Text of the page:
contract / defamation of character

first i was hired as an Adm.Asst. 3 months into the job I was in a meeting w/the pres, dir, and accountant. The pres, and the accountant both said if I was given the proper the training and help I would be able to do the bookkeeping the institution needed. That was 1yr. Never provided. The director was released from duty but before that happen I was asked to ensure we had all important documents. I did it. During raises, I renege on the raise and ask for a better work schedule instead. its been 4 months an I didn't receive the proper training nor did my work schedule change. Its a very small institution, and to deal with a lawyer would be financially hard for them. I inquired about the training and upon receiving the information I was told no. I also never received the extra help. So therefore making the accounting a disaester. what can I do. I walk off the job. Also there was money missing and I was the person they were thinking took it, but it so happen it was bad accounting. I found out by someone outside the board of trustee. Therefore, they went and told someone who doesn't belong on the board something that was entirely incorrect. Isn't that defamation of character? DO I have a legal issue here, since I was hired under false pretenses.I told the current director that I knew they were looking to fired me at no point did she state this wasn't true. (They treated the former director the same way when they were about to let her go.) I know you don't want long questions, I just need to know If I should contact a lawyer?

1 answer  |  asked Apr 20, 2004 6:25 PM [EST]  |  applies to New York

Answers (1)

David M. Lira
Defamation and the Workplace

On your question of whether to contact an attorney, the answer is: I don't know. How strongly do you feel about the situation?

This website seeks to educate not so much you as an individual, but the public in general about broad points of employment law. When people present involved fact patterns, they are, whether they know it or not, looking for legal advice. There are all kinds of reasons we can't give you legal advice in response to queries posted to this website, including the fact that we would be posting what should otherwise be confidential information for all the world, including your employer, to see.

Your query is an example of another reason we cannot respond to involved fact patterns. Your query is long, but, in including so much information, you have succeeded in raising a lot of questions that your query does not come close to answering. In other words, there is a lot of information missing that would be vital for me to answer your question about whether there is a viable defamation case. And the type of information I would need is the type of information that should be disclosed only in a private consultation.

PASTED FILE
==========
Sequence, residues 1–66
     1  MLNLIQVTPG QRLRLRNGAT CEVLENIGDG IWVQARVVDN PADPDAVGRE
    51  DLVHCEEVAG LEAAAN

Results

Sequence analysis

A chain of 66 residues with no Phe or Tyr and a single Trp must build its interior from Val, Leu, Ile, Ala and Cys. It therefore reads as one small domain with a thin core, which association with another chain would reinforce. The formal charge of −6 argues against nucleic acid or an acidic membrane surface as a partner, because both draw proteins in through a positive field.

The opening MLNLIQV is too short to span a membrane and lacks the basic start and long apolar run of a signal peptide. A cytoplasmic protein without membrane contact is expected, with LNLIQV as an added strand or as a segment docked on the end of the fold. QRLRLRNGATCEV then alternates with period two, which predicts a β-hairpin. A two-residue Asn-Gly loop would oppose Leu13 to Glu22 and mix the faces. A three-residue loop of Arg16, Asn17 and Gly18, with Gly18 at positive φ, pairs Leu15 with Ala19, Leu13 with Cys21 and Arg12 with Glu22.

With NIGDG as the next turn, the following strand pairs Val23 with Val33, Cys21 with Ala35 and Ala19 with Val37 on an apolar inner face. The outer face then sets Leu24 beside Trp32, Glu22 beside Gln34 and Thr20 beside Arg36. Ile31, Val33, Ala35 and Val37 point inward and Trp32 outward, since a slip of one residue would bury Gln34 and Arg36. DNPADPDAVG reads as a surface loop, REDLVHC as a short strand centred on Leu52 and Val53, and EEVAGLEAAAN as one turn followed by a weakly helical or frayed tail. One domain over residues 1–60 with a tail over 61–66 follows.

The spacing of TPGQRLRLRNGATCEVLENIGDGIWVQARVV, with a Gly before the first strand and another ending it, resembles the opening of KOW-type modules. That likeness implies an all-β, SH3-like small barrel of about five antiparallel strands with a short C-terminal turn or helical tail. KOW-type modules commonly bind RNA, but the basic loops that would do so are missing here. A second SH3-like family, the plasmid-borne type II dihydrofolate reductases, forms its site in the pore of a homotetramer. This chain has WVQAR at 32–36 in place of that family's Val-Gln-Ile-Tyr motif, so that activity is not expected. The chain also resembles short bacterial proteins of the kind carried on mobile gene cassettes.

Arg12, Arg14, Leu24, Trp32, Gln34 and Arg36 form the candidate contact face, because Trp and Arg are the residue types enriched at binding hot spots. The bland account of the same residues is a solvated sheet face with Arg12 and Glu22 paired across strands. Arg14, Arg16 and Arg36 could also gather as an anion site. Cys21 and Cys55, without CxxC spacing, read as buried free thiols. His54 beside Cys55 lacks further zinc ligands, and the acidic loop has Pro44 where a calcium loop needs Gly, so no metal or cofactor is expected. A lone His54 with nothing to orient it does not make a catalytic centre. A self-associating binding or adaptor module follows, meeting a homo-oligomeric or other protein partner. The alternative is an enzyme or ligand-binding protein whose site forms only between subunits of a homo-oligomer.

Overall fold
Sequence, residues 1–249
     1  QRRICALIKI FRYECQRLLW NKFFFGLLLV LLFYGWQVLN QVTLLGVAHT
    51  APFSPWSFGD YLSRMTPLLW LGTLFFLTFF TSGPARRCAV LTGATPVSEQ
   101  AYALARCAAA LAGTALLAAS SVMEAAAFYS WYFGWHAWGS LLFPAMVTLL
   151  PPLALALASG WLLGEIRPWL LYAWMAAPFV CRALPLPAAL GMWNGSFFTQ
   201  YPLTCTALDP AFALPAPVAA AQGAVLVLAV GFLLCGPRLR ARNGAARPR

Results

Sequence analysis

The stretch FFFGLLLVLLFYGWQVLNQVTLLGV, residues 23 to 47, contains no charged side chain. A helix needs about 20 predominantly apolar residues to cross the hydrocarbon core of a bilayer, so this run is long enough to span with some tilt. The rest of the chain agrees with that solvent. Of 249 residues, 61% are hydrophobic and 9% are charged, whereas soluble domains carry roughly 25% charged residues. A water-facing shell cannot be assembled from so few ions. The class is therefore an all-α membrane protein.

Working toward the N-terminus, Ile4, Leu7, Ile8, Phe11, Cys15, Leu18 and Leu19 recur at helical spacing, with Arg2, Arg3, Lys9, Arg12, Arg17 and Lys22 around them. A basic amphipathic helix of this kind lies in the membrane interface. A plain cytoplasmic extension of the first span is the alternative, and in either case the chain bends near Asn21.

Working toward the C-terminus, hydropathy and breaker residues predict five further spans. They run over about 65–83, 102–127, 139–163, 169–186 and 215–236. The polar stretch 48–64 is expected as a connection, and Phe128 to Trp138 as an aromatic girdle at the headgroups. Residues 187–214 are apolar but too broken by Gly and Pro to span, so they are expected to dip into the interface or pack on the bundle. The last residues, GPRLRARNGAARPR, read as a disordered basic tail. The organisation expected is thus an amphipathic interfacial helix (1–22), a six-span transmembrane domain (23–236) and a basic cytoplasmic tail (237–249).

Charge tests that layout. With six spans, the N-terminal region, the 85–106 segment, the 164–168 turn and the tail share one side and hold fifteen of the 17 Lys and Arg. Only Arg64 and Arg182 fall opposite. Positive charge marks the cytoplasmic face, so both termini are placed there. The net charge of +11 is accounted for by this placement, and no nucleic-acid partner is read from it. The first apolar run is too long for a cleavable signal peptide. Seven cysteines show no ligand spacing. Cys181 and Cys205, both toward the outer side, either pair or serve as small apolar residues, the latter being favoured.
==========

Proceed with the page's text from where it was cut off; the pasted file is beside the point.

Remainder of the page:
To provide only a very general answer to your question concerning defamation, statements do not become defamation simply because you find the statements unflattering. In fact, especially in New York State, defamation is difficult to prove.

In addition, whether you have a defamation case often depends on who heard the defamatory statement. You cannot successfully sue even on a statement that would otherwise be defamatory if it is said to certain people or said in certain situations. This gets to a concept called "privilege." There are two types of privilege, absolute privilege and qualified privilege.

For example, even if we assume a statement is defamatory, you could not successfully sue on it if the statement was made during the course of a hearing or trial in court. That is just the law. This is an example of absolute privilege. It is absolute because there are no exceptions.

If the statement is made within the workplace of an employer, it is generally extremely difficult to win a defamation case because the law generally grants some extra protection to statements made within an employer's workplace. This is an example of qualified privilege. It is qualified because the law assumes the statement should be treated as privileged, but the law allows for certain excepts, which are generally difficult to prove.

From My Employment Lawyer's Moderator: Here is an additional article on Defamation at Work:

posted by David M. Lira  |  Apr 22, 2004 09:17 AM [EST]

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